A bill that was the subject of a 5½-hour hearing would sharply curtail the powers of the Texas Medical Board if it becomes law.
Backers argued that it would bring much-needed transparency and provide greater fairness to doctors whom, some say, the board is persecuting. They especially raised concerns about practitioners of alternative medicine and those who treat conditions such as autism.
Opponents, however, said the legislation would leave patients more vulnerable to bad doctors and make it difficult for patients to complain about physicians in a state where the Legislature has made it harder to sue for malpractice.
In the end, the House Public Health Committee said it would amend House Bill 3816, which also would disclose the names of some complainants to doctors and create an advisory committee to oversee the board. The committee didn’t specify what it might change.
But supporters of the bill, authored by Rep. Fred Brown, R-Bryan, said the board has abused its authority and gone after minor infractions, costing doctors thousands of dollars, time away from their practices and sleepless nights.
The bill was co-authored by various individuals and groups, including the Association of American Physicians and Surgeons, which is suing the board in federal court, alleging misuse of its authority. Andy Schlafly, is general counsel for the group, which claims several thousand members.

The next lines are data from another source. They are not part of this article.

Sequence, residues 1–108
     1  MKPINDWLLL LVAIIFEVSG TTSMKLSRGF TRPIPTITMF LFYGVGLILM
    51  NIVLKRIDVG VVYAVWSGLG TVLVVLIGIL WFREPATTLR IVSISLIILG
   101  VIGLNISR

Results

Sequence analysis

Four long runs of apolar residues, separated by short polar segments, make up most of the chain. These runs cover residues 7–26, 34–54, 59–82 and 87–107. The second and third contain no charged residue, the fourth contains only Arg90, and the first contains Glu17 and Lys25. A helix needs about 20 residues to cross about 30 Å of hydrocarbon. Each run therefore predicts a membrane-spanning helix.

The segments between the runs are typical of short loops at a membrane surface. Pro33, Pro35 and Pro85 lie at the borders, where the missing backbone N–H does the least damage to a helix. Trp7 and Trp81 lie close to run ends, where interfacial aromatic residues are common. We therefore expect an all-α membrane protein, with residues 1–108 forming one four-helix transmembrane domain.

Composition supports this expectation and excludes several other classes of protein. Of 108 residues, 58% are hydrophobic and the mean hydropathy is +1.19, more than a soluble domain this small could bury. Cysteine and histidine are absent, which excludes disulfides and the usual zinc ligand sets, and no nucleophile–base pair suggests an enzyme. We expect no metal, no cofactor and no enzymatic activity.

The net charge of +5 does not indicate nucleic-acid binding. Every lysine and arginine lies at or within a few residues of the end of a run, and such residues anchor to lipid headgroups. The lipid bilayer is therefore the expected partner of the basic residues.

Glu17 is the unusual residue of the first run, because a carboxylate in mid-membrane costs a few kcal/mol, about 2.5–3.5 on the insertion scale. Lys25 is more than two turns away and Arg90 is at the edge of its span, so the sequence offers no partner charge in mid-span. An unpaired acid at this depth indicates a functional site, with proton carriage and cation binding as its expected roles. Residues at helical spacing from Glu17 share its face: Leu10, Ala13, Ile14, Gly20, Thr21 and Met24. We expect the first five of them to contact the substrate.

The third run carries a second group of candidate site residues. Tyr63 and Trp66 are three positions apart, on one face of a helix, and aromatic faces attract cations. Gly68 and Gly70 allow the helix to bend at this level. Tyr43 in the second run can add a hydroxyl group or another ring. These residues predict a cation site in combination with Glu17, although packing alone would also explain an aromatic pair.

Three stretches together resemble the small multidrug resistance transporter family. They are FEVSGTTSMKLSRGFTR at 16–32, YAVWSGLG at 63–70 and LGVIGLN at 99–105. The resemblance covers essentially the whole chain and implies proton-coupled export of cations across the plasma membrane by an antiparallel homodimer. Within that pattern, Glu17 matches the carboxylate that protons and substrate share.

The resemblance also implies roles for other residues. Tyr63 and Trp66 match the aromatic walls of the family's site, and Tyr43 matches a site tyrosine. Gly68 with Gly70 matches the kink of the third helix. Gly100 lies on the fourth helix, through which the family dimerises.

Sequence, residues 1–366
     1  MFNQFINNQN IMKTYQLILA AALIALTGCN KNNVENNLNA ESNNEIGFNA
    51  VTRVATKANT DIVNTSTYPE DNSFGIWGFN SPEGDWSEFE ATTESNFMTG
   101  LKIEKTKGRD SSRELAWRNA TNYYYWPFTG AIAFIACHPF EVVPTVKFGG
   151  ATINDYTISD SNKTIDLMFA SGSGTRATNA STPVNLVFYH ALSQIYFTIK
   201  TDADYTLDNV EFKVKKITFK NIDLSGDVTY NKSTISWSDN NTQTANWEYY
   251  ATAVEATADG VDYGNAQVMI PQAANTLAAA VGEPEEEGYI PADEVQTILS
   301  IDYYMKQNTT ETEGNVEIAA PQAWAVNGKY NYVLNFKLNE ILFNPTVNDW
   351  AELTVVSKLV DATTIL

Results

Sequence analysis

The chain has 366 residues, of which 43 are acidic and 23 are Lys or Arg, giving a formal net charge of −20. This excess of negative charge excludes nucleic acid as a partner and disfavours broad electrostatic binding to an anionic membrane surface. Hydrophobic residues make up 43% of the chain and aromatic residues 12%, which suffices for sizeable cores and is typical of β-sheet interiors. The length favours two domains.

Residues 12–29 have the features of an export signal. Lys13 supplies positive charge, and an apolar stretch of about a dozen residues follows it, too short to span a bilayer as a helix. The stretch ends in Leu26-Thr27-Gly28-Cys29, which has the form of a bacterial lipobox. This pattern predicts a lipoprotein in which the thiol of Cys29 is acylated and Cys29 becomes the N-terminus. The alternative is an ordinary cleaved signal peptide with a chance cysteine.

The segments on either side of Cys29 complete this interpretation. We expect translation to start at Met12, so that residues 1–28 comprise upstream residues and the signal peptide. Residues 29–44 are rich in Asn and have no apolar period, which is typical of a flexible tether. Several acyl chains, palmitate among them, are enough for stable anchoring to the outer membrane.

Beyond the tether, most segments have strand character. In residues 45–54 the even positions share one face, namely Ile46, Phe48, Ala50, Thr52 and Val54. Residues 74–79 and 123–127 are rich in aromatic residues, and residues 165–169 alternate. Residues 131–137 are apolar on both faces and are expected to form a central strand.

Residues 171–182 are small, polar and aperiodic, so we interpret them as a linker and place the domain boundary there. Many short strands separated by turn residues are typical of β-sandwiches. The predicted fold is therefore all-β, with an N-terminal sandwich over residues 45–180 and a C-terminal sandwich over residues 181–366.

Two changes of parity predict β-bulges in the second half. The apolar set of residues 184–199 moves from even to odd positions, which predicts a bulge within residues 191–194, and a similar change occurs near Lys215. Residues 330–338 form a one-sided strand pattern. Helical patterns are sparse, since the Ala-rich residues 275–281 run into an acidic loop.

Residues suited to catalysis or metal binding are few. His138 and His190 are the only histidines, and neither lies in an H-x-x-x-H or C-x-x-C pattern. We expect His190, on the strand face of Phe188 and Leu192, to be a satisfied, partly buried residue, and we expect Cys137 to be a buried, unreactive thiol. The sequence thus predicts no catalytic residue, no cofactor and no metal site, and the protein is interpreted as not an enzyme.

“The board should not be telling people how to practice medicine,” Schlafly said.
A provision in the bill that would prohibit the board from requiring a doctor to practice medicine in a particular manner is a big concern of the Texas Medical Association, said Dr. William Fleming, a Houston neurologist and president-elect of the association, who spoke against the bill.
The provision “severely weakens” the board’s ability to sanction doctors who prescribe illegally or perform unproven therapies, he said.
But parents and some doctors at the hearing said the board is targeting doctors willing to treat children with autism, people with Lyme disease and others who suffer from ailments that many mainstream doctors won’t touch.
In emotional testimony that had some in the audience in tears, Lamarque Polvado, a Dallas-area parent of a daughter with autism, said, “The medical board doesn’t understand how few providers are willing to risk their license (to help). … That’s the type of provider I need.”
Parents and others said they believe insurance companies are behind some anonymous complaints the board receives because they don’t want to pay doctors for care.
If you have been subjected to a TMB Inquiry Letter or TMB Disciplinary Process, then please contact the Fort Worth Texas Medical License Defense Attorney Dr. Shezad Malik. For a no obligation, free case analysis, please call 817-255-4001 or Contact Me Online.